Small-Time City in Vermont Has Big-Time Heroin Problem
Widespread use of heroin and drugs in cities across the nation is indeed a sad story, but most would admit that it is not a surprising one. One might conjure up visions of hardscrabble life on tenement-lined streets in an overpopulated city as a likely context for a drug ridden existence. But would the city of Rutland in central Vermont with a population of under 17,000 come to mind?
For most Americans, probably not. Yet, the sad demise of the city of Rutland clearly demonstrates that the recurrent use of heroin and other drugs festers in cities across America, regardless of size or region. The city has been battling a heroin addiction epidemic for years and is just now coming to grips with trying to solve the problem and reclaim its neighborhoods.
Rutland came into prominence in the mid 1800s as the railroad center of Vermont and for its marble quarrying. The city started to address its drug problem about a year ago. The director of psychiatric services at the Rutland Regional Medical Center, Jeffrey D. McKee, states that, “There’s probably not a person in Rutland County whose life has not been affected by opiate addiction in one way or another.”
Governor Peter Shumlin devoted almost his entire State of the State address to heroin abuse in the state of Vermont. The governor implored citizens to “stop quietly averting our eyes from the growing heroin addiction in our front yards.” What Shumlin calls a “full blown heroin crisis” is permeating throughout New England as well as Vermont. As a result of acknowledging the problem, Rutland police have joined with social services and reduced or eliminated jail time for offenders if they seek help and surrender themselves to drug rehab facilities.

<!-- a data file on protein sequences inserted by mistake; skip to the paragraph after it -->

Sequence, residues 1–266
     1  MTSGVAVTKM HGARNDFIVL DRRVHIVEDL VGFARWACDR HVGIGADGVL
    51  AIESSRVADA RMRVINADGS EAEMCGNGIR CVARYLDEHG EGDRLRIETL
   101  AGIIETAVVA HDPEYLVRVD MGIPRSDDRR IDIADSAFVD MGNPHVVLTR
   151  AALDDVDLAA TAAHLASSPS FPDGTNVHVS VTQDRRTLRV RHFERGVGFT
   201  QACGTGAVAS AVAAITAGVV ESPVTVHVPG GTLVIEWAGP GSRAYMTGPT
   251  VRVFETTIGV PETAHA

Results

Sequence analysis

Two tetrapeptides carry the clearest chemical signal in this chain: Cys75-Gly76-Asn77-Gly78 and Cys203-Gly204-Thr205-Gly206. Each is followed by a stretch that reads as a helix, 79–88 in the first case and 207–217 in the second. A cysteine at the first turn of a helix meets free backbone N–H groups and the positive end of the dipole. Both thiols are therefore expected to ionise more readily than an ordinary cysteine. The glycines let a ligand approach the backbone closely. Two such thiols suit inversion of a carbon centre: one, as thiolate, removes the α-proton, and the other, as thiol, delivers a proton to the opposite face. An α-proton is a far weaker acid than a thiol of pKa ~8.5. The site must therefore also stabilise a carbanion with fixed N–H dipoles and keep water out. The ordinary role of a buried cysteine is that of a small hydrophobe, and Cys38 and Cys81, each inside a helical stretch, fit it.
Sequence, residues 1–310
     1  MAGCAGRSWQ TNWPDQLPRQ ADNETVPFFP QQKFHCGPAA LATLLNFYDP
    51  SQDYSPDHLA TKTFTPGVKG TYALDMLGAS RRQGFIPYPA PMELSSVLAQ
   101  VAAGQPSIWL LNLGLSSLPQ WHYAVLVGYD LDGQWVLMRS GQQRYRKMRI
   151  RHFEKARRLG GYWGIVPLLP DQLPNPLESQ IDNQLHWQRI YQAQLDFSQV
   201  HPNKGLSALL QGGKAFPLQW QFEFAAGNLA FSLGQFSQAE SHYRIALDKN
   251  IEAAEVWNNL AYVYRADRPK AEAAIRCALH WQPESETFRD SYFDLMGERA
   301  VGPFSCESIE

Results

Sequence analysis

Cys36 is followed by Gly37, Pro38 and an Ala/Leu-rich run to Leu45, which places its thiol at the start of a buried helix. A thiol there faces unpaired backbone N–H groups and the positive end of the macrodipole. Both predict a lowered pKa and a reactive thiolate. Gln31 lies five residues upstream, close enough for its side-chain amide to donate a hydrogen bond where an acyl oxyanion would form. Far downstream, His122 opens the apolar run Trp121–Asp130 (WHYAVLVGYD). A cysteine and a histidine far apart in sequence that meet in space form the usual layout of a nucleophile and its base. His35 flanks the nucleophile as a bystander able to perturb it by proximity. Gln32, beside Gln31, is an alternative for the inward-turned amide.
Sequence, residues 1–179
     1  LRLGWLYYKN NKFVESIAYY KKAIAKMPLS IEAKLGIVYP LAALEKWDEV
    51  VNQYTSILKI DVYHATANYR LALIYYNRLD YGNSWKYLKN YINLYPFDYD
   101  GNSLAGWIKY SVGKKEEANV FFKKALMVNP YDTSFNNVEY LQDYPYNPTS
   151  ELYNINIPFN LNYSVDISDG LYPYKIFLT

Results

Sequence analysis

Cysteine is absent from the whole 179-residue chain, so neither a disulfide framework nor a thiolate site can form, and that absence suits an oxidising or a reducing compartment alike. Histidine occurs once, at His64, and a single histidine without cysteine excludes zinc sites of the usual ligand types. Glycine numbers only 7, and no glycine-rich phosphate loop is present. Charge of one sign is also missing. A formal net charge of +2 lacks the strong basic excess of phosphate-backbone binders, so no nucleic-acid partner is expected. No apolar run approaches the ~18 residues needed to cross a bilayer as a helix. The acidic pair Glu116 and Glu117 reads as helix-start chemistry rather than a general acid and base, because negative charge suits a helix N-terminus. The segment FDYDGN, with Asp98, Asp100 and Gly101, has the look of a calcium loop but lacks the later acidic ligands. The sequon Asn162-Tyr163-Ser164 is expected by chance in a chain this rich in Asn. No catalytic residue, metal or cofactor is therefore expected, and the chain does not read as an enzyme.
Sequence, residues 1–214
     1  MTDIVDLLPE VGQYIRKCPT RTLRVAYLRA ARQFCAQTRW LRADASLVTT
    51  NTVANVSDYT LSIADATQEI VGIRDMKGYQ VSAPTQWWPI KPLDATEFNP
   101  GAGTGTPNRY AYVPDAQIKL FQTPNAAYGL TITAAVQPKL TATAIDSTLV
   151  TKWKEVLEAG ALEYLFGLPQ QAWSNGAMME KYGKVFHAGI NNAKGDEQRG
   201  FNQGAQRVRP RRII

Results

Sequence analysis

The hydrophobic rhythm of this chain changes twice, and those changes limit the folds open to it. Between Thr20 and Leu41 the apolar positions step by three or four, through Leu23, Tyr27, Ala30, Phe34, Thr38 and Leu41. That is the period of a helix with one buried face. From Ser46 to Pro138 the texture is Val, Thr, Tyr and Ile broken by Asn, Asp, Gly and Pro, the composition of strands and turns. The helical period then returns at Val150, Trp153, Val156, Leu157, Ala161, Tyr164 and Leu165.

September 2012 was an epiphany for Rutland when a man inhaled gas from an aerosol spray can, passed out while driving his vehicle, and smashed into a strand of parked cars at 80 mph, killing Carly Ferro, 17, a high school student. Ferro's death became a catalyst to Rutland admitting to its drug problems. Ferro was an avid golfer and basket ball player in HS and a beloved member of the community. One classmate said, “She didn't have a mean bone in her body. She was the kindest and sweetest and most caring young lady and loved people for who they were no matter what.”
“I was shocked at the depth of addiction here,” said James W. Baker, a former director of the Vermont State Police, who was brought in as police chief in 2012 to overhaul the department. “We had open drug markets going on in the street.”
Part of the problem for Rutland is the high conversion rate of single-family homes into multiunit rentals. Police say that the units are conducive to drug trafficking and prostitution. The drug peddlers go into cities like New York City and Springfield, Massachusetts and come back selling drugs for huge profits, marking up a $6 bag and selling it in Rutland for $30. Police say that about $2 million of heroin is sold per week in Vermont.
Many of the women hanging out at the multiunit dwellings make themselves available to the dealers. Chief Baker said they receive rent subsidies and food stamps and use heroin themselves. “If you’re a guy from New York, you can come here with 500 bags of heroin, sell it, and sleep with three different women before you go home the next day.” He added, “The entire infrastructure is here for these guys to function, make quick money, and leave.”
A big effort by “Project Vision” to revitalize Rutland by razing dilapidated houses and planting gardens, along with outreach efforts to eliminate drug use, is underway. The outreach includes some members of the community buying back the multiunit apartments with a goal of reducing their number by 50% and returning the city to more single-family dwellings.
Mr. Kraus, the Project Vision chairman, is optimistic about Rutland’s future and admits that reclaiming the city is a “work in process.” “Nobody’s proud that we find ourselves in this circumstance,” he said. “But we confront our problems and deal with them.”